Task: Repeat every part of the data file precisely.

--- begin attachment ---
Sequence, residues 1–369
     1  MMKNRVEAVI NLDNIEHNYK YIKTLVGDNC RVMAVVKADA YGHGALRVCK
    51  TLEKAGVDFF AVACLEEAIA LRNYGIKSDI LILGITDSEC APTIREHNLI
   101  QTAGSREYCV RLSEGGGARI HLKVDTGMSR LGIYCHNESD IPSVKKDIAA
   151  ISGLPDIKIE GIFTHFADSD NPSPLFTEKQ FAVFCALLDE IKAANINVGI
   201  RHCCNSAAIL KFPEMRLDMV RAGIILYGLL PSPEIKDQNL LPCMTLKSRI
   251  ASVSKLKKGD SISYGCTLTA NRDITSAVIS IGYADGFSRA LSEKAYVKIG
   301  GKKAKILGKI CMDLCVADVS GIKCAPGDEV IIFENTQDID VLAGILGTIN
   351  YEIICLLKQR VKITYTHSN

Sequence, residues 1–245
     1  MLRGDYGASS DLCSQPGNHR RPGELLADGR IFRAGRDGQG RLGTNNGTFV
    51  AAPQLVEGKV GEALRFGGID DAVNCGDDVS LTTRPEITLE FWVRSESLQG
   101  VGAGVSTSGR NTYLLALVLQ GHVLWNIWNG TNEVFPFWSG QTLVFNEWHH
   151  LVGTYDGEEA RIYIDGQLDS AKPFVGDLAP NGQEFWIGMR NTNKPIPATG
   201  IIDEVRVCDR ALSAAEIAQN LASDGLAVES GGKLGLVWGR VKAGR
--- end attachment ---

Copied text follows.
Sequence, residues 1–369
     1  MMKNRVEAVI NLDNIEHNYK YIKTLVGDNC RVMAVVKADA YGHGALRVCK
    51  TLEKAGVDFF AVACLEEAIA LRNYGIKSDI LILGITDSEC APTIREHNLI
   101  QTAGSREYCV RLSEGGGARI HLKVDTGMSR LGIYCHNESD IPSVKKDIAA
   151  ISGLPDIKIE GIFTHFADSD NPSPLFTEKQ FAVFCALLDE IKAANINVGI
   201  RHCCNSAAIL KFPEMRLDMV RAGIILYGLL PSPEIKDQNL LPCMTLKSRI
   251  ASVSKLKKGD SISYGCTLTA NRDITSAVIS IGYADGFSRA LSEKAYVKIG
   301  GKKAKILGKI CMDLCVADVS GIKCAPGDEV IIFENTQDID VLAGILGTIN
   351  YEIICLLKQR VKITYTHSN

Sequence, residues 1–245
     1  MLRGDYGASS DLCSQPGNHR RPGELLADGR IFRAGRDGQG RLGTNNGTFV
    51  AAPQLVEGKV GEALRFGGID DAVNCGDDVS LTTRPEITLE FWVRSESLQG
   101  VGAGVSTSGR NTYLLALVLQ GHVLWNIWNG TNEVFPFWSG QTLVFNEWHH
   151  LVGTYDGEEA RIYIDGQLDS AKPFVGDLAP NGQEFWIGMR NTNKPIPATG
   201  IIDEVRVCDR ALSAAEIAQN LASDGLAVES GGKLGLVWGR VKAGR